The next step is towards software-defined everything or hyper-converged systems, consisting of bundles of hardware and software that integrate particles of processing, storage and networking. Everything is managed by IT admins and by orchestration systems based on cloud tools and development practices.


Contributed by Radu Crahmaliuc, Founder, CloudMania



The Benefits of IaaS


The value of moving to IaaS is clear: agility and reducing OPEX costs. Using IaaS, IT departments can easily allocate and align their IT resources with peak loads, and organizations can achieve greater flexibility to meet their market demands. With IaaS, you can go from a capital expense-heavy IT budget to a negligible operational expense budget. However, picking a public cloud IaaS where a private cloud is possibly a better choice might be a recipe for cost and complexity. Many public clouds limit the amount of customization and control you have over the environment, potentially leaving you to contend with noisy neighbors, latency issues, suboptimal application performance, and security concerns – all of which eat up time and energy.


When moving to an IaaS infrastructure, you may consider your implementation costs and daily maintenance expenses. (such as costs associated with converting from physical to virtual environment, applications or codes that might have to be re-written, legacy applications that can’t be moved at all, necessitating a hybrid IT environment along with its associated complexity, and so on), but unanticipated costs can completely disrupt financial expectations and disillusion both the IT and executive suite.


With SaaS, you are aligned with your users’ expectations from the beginning, with no additional and costly development. You can easily deploy marketing, HR or accounting solutions that can be accessed by every kind of connected device using a web interface, and improve your overall productivity.


But because the market is full of new SaaS providers, if you’ve granted your SaaS provider a high degree of control over your business data, carefully check the terms and conditions in the SLA and in the PLA. Additionally, trying to switch SaaS providers can be quite a hassle because there is usually no interoperability and integration between SaaS solutions. One alternative is to use a SaaS marketplace, which is usually provided by a large IaaS provider, which creates the risk of increasing your dependency on a locked-in technological platform. That’s why interoperability should be a requirement for all major cloud players.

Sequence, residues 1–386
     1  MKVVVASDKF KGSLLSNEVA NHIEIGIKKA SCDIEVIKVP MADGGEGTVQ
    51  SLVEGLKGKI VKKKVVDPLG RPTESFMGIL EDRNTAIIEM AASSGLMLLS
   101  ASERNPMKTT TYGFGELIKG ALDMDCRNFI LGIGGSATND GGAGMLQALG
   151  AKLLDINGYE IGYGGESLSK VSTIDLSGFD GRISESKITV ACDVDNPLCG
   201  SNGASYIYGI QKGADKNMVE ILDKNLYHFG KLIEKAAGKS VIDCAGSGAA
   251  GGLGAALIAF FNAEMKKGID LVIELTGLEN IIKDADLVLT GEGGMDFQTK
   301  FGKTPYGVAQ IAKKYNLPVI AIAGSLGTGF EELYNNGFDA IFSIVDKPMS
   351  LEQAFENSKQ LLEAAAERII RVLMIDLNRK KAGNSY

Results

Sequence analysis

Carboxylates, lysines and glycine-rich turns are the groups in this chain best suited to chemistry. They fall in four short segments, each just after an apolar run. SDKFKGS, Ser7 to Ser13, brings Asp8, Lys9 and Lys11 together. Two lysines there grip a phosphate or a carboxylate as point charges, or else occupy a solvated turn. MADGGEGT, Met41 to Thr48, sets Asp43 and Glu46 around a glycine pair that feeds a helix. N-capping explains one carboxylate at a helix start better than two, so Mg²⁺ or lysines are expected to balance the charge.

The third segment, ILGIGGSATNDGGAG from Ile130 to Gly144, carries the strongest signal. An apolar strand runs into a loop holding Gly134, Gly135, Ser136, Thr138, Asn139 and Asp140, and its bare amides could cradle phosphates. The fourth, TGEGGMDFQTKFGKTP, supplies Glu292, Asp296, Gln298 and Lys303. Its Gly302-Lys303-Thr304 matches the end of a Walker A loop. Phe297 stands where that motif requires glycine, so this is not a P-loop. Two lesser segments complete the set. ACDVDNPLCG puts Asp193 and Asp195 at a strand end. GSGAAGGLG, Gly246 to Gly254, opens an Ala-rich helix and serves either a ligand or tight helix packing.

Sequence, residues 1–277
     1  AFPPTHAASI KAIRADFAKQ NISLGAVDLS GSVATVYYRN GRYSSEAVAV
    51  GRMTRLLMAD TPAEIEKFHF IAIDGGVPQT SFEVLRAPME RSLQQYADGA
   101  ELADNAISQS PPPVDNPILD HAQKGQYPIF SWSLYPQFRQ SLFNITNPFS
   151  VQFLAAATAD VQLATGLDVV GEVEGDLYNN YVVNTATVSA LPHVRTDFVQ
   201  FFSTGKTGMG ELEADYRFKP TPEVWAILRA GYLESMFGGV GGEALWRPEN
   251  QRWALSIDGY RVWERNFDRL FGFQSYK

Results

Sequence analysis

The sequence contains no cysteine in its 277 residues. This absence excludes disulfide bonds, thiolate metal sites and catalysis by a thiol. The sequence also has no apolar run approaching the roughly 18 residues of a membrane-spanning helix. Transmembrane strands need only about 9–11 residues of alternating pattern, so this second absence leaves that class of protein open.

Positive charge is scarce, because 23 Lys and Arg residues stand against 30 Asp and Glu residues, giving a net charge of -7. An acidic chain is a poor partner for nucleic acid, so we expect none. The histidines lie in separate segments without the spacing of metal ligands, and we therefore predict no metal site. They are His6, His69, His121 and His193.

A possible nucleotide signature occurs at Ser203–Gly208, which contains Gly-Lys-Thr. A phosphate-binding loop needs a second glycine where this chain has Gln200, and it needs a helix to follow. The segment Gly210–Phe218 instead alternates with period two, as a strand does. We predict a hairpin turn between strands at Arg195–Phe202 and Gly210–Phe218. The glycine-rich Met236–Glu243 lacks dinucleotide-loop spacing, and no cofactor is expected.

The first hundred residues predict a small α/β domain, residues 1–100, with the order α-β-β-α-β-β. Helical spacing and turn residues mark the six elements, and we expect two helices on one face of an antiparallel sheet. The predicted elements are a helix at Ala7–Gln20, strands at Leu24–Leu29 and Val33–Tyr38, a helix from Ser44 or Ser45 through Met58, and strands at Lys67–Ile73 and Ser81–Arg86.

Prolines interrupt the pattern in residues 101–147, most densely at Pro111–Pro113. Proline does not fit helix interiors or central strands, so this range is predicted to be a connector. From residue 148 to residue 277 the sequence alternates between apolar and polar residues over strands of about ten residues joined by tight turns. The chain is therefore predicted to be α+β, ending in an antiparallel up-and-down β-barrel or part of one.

PaaS allows organizations and IT departments to easily use development and testing resources at a lower cost, with fewer resources, to leverage their overall innovation. Developers can use various libraries, frameworks, and services to build, test, iterate and deploy applications in days or weeks, not months or years.


But with a limited number of PaaS vendors in the market today, each of which wants to build a binding relationship through its comprehensive offerings, a vendor lock-in period is often the norm, which can limit the client’s choices.


Additionally, unless you’ve made the choice to work within a 100% open source environment (in-house and cloud), integrating PaaS services with your other systems and applications might increase complexity. Furthermore, the integration of on-premise data contained within in-house legacy systems and PaaS-based applications is often challenging.


Contributed by B2cloud



 Don’t Forget About Multi-Tenancy 


Although some experts believe that when it comes to security and performance, a single-tenant model would fit better, I see multi-tenancy as the most elegant and cost efficient cloud deployment model. Not being able to offer a cloud application with multi-tenancy just shows that these applications/platforms were not fully designed to be cloud first.


SaaS and PaaS solutions are more closed compared to their on-premise counterparts. In itself this is not a bad property – having an application supported and maintained in the cloud implies lesser control of the internal workings. But particularly for large ERP applications, this forms a huge gap for SaaS. ERP customers are used to extensive (supported) customizations in their on-premise solutions, which are sometimes tightly coupled to the application data model. These types of customizations are no longer supported in a true SaaS model. But some cloud providers do offer SaaS applications which are fully customizable. This type of unmanaged SaaS is in fact an IaaS solution with some business application pre-installed.